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I would like to write a function that can get unlimited parameters with this syntax

myfunc arg1 arg2 arg3 .... I have tried some using curring but nothing helped i have tried to make it recursivly but then scala compiler says: "scala recursive method needs result type" Recursive :

def func(x:Int) = {
  doSomething(x); myVal:Int=>func(myVal)

thanks for helpers

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Any reason why you can't use a list of parameters instead of just an unknown number of parameters? –  us2012 Mar 28 '13 at 16:07
I don't see how that code could compile. val is a reserved word in Scala (unless you enclose it in back-ticks). As for that diagnostic, it should be self-explanatory. Directly recursive methods cannot rely on type inference to get the method result type; you must give it explicitly. –  Randall Schulz Mar 28 '13 at 17:00

2 Answers 2


scala> class FRP1 { def apply(args: Int*) = args.mkString("{", ", ", "}") }
defined class FRP1

scala> val frp11 = new FRP1
frp11: FRP1 = FRP1@147611bd

scala> frp11(1)
res0: String = {1}

scala> frp11(1, 2)
res1: String = {1, 2}

scala> frp11(1, 2, 3)
res2: String = {1, 2, 3}
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this is not what i wanted, i do know about the Int* i wanted to create a "cool syntax" for my code without using any brackets at all!! as i said : myFunc arg1 arg2 arg3 ..... –  David H Mar 30 '13 at 22:18
Internal DSLs are still Scala. There is no magic. –  Randall Schulz Mar 30 '13 at 22:56

So the function you seek takes an argument of a certain type and must return a function which takes an argument of the same type and returns a function with takes an argument of the same type and so on, ad infinitum.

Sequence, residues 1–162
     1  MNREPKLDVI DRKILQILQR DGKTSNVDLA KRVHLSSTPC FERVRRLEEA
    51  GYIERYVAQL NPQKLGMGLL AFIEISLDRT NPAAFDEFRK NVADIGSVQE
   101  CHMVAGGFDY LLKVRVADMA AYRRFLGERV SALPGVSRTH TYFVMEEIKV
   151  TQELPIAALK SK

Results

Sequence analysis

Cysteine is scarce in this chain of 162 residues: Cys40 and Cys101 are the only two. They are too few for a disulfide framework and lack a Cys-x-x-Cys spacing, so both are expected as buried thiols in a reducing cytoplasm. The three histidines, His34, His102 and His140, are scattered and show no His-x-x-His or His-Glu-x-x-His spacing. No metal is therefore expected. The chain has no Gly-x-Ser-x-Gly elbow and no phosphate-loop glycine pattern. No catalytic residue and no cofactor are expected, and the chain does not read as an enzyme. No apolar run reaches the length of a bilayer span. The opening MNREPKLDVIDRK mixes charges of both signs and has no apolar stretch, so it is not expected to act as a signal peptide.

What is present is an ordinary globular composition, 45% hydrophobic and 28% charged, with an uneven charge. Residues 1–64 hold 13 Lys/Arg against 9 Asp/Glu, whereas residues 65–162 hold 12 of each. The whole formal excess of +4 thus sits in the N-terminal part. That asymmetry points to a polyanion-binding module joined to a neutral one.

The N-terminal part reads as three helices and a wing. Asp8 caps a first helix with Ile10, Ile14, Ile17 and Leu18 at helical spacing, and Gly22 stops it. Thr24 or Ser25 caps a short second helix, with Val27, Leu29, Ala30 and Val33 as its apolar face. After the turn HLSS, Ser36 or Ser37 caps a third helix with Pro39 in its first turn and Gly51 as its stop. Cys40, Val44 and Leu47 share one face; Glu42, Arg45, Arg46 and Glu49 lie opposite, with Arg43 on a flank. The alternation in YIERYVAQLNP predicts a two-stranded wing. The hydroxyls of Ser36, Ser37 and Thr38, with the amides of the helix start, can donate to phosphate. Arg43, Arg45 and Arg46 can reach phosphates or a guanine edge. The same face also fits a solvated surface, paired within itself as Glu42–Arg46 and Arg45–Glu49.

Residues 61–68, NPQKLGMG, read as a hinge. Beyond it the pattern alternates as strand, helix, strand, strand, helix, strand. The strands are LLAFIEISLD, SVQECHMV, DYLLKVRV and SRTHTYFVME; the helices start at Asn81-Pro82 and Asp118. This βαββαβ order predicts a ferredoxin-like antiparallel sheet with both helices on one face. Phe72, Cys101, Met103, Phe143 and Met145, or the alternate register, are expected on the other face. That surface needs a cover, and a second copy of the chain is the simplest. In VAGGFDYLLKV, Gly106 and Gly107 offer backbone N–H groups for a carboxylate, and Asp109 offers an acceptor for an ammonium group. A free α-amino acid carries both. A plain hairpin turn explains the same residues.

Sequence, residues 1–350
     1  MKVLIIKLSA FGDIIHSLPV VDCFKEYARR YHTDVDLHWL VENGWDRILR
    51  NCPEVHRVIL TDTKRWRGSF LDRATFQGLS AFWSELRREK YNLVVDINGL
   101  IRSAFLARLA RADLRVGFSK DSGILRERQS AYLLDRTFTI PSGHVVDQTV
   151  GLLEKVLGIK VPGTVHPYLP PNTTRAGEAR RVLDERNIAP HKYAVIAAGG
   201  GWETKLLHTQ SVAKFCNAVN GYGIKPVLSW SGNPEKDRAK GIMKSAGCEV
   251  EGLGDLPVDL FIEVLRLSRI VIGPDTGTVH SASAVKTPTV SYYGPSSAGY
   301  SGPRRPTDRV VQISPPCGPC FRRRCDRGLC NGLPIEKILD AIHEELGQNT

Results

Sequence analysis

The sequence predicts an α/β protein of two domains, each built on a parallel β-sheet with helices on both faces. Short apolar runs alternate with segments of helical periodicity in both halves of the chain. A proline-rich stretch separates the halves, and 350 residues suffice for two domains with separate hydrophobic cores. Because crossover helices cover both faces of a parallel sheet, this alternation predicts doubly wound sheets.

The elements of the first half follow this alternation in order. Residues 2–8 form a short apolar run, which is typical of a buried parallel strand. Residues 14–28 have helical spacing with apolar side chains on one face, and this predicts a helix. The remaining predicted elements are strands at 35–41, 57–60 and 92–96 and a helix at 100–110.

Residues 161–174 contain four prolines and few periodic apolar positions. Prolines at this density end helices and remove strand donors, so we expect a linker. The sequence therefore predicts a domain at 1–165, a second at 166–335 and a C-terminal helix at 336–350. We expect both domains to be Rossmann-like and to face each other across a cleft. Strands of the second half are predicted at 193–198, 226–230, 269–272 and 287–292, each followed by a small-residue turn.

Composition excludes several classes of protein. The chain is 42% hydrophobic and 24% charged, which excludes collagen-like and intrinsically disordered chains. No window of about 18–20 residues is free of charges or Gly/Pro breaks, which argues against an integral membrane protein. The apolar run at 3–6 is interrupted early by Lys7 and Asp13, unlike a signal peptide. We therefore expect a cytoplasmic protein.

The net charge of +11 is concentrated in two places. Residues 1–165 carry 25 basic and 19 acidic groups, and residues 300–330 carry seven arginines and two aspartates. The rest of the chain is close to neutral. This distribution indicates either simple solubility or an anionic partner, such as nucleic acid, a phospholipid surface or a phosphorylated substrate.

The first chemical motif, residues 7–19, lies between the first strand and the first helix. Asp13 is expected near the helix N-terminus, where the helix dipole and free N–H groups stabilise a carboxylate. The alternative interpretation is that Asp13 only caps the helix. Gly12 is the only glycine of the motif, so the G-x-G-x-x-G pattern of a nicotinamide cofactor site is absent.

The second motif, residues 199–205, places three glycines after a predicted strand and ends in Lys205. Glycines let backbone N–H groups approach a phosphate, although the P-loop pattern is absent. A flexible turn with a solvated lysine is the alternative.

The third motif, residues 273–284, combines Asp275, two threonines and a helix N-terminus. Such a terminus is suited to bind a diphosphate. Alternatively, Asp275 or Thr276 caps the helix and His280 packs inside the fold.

The problem here is that the type of this function is something on the lines of:

T[X] = X => T[X]

That is, it is a recursive, self-referencing type. Because it is self referencing we must name it for the sole purpose of reusing it within itself (Unfortunately, Scala has no fixed-point combinator for infinite types). Let's call it InfCurry and it looks something like this:

trait InfCurry[T] extends (T => InfCurry[T])

As you can see, it mimics the above definition quite well (another option would have been type aliases, but Scala doesn't support recursive type-aliases).

Let's also define a constructor method to help use define our infinitely curried functions:

object InfCurry {
  def apply[T](f: T => InfCurry[T]): InfCurry[T] = new InfCurry[T] {
    def apply(x: T) = f(x)

With this little tool you can define stuff like this:

val f: InfCurry[Int] = InfCurry { x =>

And you would use this little thing like this:

val g = f(1)(2)(3)(4)(5)(6)(7)

Probably in this case you would like to use method with variable number of arguments - see the other answer - but this is what you asked.

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my purpose for this is to make my syntax more friendly. i have got 2 many brackets here and i cannot remove them. so i cannot do : myFunc arg1 arg2 arg3 ..... –  David H Mar 30 '13 at 22:25
can i use implicit to create such a syntax? if so how? –  David H Mar 30 '13 at 22:40
I'm afraid you can't obtain this Haskell-like syntax in Scala. You can get read of parenthesis only in this special case: scala-lang.org/node/118. But that wouldn't work in your case because myFunc arg1 arg2 arg3 would be interpreted as myFunc.arg1(arg2).arg3() which is something completely different. Also, implicits can't help you here. –  Marius Danila Mar 31 '13 at 21:42

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